An Overview of IT Security Threats and Attacks

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Authentication and Identity VerificationSoftware Exploitation, Malicious Code and Social Engineering

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Before moving on to chapters that outline the steps necessary to secure networks and computer systems it helps to first have an understanding of the kinds of attacks and threats that need to be defended against. Armed with this information it will be clearer in later chapters not just how to implement particular security measures, but also why such measures need to be implemented.

There are a variety of different forms of attack to which a network or computer system may be exposed each of which will be covered in this chapter.

TCP and UDP Based Denial of Service (DoS) Attacks

Denial of Service (DoS) attacks are undertaken with the express purpose of preventing users from accessing and using a service they should otherwise be able to access. Such attacks make malicious use of a variety of different standard protocols and tools. There is no single DoS attack method, and the term has come to encompass a variety of different forms of attack, a number of which are outlined below:

  • Ping flood - This attack uses the Internet Message Protocol (ICMP) ping request to a server as a DoS method. The strategy either involves sending ping requests in such vast quantities that the receiving system is unable to respond to valid user requests, or sending ping messages which are so large (known as a ping of death) that the system is unable to handle the request.
  • Smurfing - As with Ping Flood attacks, smurfing makes use of the TCP Internet Message Protocol (ICMP) ping request to mount DoS attacks. In a typical smurfing attack the attacker sends a ping request to the broadcast address of network containing the IP address of the victim. The ping request is sent to all computers on the broadcast network, which in turn all reply to the IP address of the victim system thereby overloading the victim with ping responses. The primary method for preventing smurf attacks is to block ICMP traffic through routers so that the ping responses are blocked from reaching internal servers.
  • TCP SYN Flood - Also known as the TCP Ack Attack, this attack leverages the TCP three way handshake to launch a DoS attack. The attack begins with a client attempting to establish a TCP connection with the victim server. The client sends a request to the server, which in turn returns an ACK package to acknowledge the connection. At this point in the communication the client should respond with a message accepting the connection. Instead the client sends another ACK which is responded to by the server with yet another ACK. The client continues to send ACKs to the server with the effect of causing the server to hold sessions open in anticipation of the client sending the final packet required to complete the connection. As a result the server uses up all available sessions serving the malicious client, thereby preventing access to other users.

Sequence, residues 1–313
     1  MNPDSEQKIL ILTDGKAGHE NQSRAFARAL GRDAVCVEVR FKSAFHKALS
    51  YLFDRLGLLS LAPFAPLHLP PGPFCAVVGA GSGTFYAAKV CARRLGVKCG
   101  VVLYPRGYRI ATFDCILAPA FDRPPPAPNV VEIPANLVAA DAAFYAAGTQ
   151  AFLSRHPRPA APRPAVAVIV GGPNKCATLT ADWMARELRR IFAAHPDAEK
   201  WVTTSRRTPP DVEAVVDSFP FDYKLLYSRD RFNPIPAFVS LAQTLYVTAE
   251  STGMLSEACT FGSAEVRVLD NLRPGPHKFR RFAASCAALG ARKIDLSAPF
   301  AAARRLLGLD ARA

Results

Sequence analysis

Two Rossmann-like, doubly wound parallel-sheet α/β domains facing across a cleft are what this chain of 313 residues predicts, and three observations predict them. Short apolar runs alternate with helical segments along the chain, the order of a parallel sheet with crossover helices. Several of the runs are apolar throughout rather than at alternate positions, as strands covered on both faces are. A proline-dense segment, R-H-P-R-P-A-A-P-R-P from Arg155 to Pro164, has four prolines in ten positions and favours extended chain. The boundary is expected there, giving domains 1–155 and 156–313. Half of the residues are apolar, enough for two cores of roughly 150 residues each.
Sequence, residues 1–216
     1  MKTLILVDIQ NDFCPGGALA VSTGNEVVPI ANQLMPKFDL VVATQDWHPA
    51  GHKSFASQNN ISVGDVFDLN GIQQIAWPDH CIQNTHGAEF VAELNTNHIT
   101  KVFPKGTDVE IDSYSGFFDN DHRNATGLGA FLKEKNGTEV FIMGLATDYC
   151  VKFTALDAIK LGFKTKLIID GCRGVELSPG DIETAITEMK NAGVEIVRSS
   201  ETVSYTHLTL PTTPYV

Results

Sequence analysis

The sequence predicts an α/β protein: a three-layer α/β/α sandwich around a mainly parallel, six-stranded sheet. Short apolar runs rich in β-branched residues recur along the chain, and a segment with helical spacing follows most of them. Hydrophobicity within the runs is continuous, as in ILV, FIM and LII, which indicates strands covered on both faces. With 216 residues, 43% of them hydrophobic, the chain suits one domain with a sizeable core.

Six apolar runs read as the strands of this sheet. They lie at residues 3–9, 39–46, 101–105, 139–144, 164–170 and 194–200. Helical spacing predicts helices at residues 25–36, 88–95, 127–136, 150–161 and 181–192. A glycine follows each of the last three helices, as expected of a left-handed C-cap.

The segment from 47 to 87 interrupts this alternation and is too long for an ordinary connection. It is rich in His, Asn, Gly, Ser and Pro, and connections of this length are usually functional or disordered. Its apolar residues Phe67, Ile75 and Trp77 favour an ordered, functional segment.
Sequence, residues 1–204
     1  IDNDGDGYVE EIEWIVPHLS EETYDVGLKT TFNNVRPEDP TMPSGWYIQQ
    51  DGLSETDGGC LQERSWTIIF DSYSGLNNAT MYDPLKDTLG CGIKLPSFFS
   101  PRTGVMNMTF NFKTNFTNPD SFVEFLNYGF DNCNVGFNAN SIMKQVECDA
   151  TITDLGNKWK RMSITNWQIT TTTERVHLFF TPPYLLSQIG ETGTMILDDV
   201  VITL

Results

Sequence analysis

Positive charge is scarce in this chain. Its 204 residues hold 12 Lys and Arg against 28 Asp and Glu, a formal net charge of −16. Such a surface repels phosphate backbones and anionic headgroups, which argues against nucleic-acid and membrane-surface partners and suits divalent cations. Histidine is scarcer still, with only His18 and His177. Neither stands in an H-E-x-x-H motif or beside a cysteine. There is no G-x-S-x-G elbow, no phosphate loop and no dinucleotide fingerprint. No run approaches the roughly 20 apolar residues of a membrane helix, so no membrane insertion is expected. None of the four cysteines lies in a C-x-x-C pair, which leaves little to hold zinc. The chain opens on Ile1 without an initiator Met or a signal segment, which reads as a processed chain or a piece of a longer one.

• Fraggle - A fraggle attack is similar to a smurfing attack with the exception that the User Datagram Protocol (UDP) is used instead of using ICMP.
  • Land - Under a Land attack the attacker creates a fake SYN packet contain the same source and destination IP addresses and ports and sends it to the victim causing the system to become confused when trying to respond to the packet.
  • Teardrop - A teardrop type of DoS attack exploits a weakness in the TCP/IP implementation on some operating systems. The attack works by sending messages fragmented into multiple UDP packages. Ordinarily the operating system is able to reassemble the packets into a complete message by referencing data in each UDB packet. The teardrop attack works by corrupting the offset data in the UDP packets making it impossible for the system to rebuild the original packets. On systems that are unable to handle this corruption a crash is the most likely outcome of a teardrop attack.
  • Bonk - An effective attack on some Windows systems involving the transmission corrupted UDP packets to the DNS port (port 53) resulting in a system crash.
  • Boink - Similar to the Bonk attack except that the corrupted UDP packets are sent to multiple ports, not just port 53 (DNS).

Distributed Denial of Service (DDoS) Attacks

The Denial of Service (DoS) attacks outlined above involve the use of a single client to launch an attack on a system or service. Distributed Denial of Service Attacks use the same basic attack methodologies as outline above, with the exception that the attacks are initiated from multiple client systems.